Warrnambool bridal stores, celebrant and photographer positive amid postponements during crisis
WITH no timeframe of when large social gatherings will return due to coronavirus, spare a thought for the city’s bridal shops.
Kayla Retallack has owned Ivory Bride in Liebig Street since March 2019 and said business had been very quiet without weddings and debutante balls.
She said missing the annual debutante ball was a blow for young people.
“I haven’t had any deb girls since March,” she said. “They don’t know if they’ll be cancelled or postponed until next year.
“It’s a rite of passage that has been taken from them.”
Ms Retallack said traditionally June to July was a busy time for debutante balls held later in the year.
“I’ve basically closed the store unless people make an appointment,” she said.
“I’ve had one or two appointments a fortnight.”
She said after the first lockdown there was interest from customers looking to plan their weddings.
“But this second wave has been much more quieter,” she said.
“You have to be positive, eventually things are going to get better. The only way is to be positive.”
For Carolyn Taylor the COVID-19 lockdown has meant a shift away from designing and making wedding and debutante dresses to creating children’s clothes and face masks.
She said she had been selling her face masks and children clothes at the Timor Street Market but that had also recently closed.
“I’ve had to close down for the moment,” she said.
“I design and make to order the dresses and there’s no work.”
Ms Taylor said she had two wedding dress designs and orders in the pipeline, but her customers were waiting to see what would happen with social distancing and restrictions.
Despite wedding season fast-approaching, celebrant Emmalee Bell said some couples were preparing to postpone their nuptials for the second time this year.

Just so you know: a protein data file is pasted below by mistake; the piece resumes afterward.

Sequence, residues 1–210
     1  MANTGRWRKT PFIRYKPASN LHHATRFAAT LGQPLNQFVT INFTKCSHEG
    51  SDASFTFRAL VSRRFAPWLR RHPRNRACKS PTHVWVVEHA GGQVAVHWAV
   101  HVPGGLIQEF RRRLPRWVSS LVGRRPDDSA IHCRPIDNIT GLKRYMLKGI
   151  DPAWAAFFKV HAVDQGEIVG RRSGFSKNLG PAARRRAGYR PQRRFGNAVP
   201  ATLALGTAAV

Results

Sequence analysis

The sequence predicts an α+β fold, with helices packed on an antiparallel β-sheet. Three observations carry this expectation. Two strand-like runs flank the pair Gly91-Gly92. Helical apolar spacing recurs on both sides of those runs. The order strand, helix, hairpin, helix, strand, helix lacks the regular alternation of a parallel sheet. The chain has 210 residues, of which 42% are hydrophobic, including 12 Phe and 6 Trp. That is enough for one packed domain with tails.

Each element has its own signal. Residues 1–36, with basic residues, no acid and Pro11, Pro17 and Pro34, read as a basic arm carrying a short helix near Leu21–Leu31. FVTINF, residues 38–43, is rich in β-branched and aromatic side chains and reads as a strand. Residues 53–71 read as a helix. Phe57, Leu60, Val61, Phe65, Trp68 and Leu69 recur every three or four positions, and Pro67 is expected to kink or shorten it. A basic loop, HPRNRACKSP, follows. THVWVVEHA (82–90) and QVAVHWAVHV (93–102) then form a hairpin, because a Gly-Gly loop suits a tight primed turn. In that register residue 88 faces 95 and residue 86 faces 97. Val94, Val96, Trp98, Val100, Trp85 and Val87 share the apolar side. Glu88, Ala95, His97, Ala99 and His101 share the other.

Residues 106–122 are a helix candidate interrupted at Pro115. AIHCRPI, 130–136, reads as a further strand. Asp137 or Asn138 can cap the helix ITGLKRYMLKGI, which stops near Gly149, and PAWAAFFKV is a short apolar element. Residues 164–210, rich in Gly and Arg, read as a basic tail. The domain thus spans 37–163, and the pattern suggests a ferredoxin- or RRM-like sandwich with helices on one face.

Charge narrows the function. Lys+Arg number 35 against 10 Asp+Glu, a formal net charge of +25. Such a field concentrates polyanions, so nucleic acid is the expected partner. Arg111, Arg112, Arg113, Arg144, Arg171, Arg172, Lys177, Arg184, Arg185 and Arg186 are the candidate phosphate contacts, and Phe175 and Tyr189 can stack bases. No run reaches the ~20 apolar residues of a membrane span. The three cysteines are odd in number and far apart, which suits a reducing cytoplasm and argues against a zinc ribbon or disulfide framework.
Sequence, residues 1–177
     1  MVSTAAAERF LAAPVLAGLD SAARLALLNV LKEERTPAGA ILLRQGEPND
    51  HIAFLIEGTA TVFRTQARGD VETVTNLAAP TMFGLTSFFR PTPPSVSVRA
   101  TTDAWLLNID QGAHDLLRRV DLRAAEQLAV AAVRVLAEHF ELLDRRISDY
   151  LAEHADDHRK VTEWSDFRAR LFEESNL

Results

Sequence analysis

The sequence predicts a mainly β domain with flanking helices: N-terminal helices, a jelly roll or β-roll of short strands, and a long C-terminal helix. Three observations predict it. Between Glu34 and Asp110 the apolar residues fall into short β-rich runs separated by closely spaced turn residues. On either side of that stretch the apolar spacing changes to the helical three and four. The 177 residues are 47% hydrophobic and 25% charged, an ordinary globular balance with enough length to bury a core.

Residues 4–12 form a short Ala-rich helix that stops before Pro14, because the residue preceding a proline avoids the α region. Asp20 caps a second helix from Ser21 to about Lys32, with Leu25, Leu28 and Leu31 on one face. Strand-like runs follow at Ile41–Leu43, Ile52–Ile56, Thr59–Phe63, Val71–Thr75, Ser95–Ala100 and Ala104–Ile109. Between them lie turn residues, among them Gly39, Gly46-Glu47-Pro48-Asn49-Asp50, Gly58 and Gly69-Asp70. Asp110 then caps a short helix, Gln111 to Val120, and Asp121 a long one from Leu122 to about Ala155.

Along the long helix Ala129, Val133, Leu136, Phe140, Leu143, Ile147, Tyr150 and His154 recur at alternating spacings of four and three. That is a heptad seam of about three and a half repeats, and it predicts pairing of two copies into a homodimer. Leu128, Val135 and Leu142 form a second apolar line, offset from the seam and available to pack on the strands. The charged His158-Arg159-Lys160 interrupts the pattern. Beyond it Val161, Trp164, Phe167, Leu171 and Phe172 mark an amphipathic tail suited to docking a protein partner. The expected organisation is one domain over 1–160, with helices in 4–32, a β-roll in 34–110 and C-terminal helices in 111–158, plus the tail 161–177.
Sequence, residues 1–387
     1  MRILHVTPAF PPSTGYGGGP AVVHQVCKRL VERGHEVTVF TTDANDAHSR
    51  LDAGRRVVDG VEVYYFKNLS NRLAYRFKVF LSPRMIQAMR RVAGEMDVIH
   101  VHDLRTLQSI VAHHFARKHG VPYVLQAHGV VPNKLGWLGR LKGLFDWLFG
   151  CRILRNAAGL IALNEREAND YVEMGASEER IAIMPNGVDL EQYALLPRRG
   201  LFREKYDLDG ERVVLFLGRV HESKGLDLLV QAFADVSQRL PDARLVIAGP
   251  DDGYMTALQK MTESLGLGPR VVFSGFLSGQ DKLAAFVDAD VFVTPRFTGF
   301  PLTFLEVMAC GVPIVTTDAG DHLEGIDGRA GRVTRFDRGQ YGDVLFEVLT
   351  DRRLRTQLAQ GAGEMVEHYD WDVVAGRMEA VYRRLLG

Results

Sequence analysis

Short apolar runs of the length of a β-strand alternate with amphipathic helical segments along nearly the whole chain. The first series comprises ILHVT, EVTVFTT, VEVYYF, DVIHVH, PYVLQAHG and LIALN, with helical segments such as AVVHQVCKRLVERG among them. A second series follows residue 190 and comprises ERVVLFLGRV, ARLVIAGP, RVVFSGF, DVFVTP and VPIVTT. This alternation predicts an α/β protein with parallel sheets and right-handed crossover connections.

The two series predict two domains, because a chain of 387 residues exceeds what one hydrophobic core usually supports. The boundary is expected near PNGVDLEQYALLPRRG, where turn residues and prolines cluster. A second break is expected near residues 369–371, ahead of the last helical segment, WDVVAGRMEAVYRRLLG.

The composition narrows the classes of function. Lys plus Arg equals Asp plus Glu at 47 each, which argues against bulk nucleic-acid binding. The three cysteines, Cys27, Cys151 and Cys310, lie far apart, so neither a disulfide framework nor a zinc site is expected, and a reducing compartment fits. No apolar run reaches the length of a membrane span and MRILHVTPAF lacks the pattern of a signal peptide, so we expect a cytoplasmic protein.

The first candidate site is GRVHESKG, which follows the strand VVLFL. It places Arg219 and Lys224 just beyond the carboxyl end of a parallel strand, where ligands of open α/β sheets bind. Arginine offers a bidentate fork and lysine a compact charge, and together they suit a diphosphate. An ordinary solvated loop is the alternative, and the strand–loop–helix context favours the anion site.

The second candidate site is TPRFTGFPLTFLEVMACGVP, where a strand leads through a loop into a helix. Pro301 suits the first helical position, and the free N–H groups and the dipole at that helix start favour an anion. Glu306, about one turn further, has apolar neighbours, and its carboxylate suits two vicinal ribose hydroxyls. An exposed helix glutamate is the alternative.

“It’s probably the quietest it’s ever been,” she said.
“Lots of couples have postponed and no new bookings are coming in.
“January couples are starting to cancel as this is the time they’d normally be sending out their invitations but they’re nervous to commit. People are sitting and waiting to see what happens before they make decisions.”
Ms Bell saw a pick-up in interest when the restrictions eased in June and despite the return of stage three lockdown measures, some couples are taking advantage of the option for intimate marriages,
“Some couples want a low key wedding or to get a piece of paper and they may not have got married without the restrictions,” she said.
“I’ve really enjoyed these ceremonies, it still feels just as special whether its five or 500 people.
“These people getting married because they really want to get married. It’s about their marriage and their life.”
Heidi O’Brien’s wedding photography business normally takes up about 80 per cent of her time but amid the pandemic she has taken up part-time work elsewhere to continue supporting her family.
The popular photographer takes on about 35 weddings over the seven month wedding season both in the south-west and interstate but she currently has limited forward bookings.
“Up until Christmas I only have elopements and they’ll only go ahead if lockdown is lifted,” she said.
“It’s been horrid, people are not re-booking until they know COVID is fully gone. In my calendar I’ve lost two dates, the initially wedding and the postponed ones.
“It’s tough and I know a lot of other photographers have lost out as well.”
Ms O’Brien will open her Liebig Street studio and gallery once the restrictions lift, but in the meantime is working on supporting her clients as they navigate the uncertainty.
“Couples need to feel like they have people behind them,” she said. “Understandably they’ve been upset and that feeling is mutual.
“Now it’s a waiting game.”
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